The body of a robot is related to the job it must perform. Industrial robots often take the shape of a bodyless arm since its job requires it to remain stationary relative to its task. Space robots have many different body shapes such as a sphere, a platform with wheels or legs, or a ballon, depending on it's job. The free-flying rover, Sprint Aercam is a sphere to minimize damage if it were to bump into the shuttle or an astronaut. Some planetary rovers have solar platforms driven by wheels to traverse terrestrial environments. Aerobot bodies are balloons that will float through the atmosphere of other worlds collecting data. When evaluating what body type is right for a robot, remember that form follows function.

How do robots move? It all depends on the job they have to do and the environment they operate in. In the Water: Conventional unmanned, submersible robots are used in science and industry throughout the oceans of the world. You probably saw the Jason AUV at work when pictures of the Titanic discovery were broadcast. To get around, automated underwater vehicles (AUV's) use propellers and rudders to control their direction of travel.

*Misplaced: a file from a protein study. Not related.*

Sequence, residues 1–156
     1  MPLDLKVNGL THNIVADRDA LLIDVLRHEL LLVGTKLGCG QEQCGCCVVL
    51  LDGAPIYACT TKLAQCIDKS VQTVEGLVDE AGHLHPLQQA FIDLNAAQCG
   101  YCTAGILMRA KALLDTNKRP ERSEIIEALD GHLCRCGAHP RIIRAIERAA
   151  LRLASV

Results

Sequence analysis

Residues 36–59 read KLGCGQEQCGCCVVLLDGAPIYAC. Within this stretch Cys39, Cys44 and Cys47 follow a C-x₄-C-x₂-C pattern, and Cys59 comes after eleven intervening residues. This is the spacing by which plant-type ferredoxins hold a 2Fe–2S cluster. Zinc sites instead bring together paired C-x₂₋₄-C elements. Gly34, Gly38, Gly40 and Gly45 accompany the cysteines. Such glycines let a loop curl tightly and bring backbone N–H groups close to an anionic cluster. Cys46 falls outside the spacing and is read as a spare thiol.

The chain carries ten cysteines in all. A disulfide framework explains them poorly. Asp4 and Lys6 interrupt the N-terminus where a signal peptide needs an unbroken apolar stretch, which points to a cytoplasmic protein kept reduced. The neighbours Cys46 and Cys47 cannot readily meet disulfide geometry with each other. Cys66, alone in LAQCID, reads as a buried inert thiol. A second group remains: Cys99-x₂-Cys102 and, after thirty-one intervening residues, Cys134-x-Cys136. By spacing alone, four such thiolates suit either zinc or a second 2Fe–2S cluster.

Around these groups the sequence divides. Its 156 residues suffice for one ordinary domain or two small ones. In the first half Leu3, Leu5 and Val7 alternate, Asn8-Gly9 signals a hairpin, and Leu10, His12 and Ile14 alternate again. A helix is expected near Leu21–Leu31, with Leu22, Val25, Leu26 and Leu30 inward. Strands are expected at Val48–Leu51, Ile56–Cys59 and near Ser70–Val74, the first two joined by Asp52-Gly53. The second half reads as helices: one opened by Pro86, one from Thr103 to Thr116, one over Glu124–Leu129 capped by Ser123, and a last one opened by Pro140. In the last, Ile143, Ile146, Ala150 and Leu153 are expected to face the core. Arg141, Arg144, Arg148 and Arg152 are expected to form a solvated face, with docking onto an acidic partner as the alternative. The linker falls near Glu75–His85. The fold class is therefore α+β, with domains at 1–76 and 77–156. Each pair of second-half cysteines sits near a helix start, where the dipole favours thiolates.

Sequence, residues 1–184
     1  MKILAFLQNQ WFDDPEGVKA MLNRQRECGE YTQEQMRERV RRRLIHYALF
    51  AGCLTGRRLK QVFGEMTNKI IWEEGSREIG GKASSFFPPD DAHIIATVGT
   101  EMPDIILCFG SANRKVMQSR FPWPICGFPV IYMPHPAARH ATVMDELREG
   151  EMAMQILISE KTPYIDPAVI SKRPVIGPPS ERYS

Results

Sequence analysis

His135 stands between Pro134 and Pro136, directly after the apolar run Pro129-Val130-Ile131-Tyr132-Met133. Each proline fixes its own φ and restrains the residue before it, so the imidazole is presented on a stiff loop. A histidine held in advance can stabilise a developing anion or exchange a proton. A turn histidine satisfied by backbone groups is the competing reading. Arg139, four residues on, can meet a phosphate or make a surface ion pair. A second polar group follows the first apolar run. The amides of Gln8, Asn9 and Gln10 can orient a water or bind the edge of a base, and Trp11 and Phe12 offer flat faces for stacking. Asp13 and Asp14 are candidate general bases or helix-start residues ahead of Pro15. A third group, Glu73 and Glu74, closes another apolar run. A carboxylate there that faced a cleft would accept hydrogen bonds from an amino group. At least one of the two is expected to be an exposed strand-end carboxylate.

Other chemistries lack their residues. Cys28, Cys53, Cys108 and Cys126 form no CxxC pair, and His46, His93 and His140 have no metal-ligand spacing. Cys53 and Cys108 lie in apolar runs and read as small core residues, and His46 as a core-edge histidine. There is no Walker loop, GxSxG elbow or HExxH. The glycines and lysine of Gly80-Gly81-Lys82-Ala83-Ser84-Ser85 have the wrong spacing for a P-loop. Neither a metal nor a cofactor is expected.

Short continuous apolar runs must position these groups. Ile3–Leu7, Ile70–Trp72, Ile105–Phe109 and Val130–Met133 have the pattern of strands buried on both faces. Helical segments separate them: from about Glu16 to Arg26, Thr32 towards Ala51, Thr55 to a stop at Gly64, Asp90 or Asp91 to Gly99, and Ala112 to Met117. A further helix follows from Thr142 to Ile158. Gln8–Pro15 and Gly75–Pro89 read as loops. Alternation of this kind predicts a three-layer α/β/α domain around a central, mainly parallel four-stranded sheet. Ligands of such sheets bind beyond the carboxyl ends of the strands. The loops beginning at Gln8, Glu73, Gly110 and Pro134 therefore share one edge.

One area of research suggests that an underwater robot like RoboTuna could propel itself as a fish does using its natural undulatory motion. It's thought that robot that move like fish would be quieter, more maneuverable and more energy efficient. On Land: Land based rovers can move around on legs, tracks or wheels. Dante II is a frame walking robot that is able to descend into volcano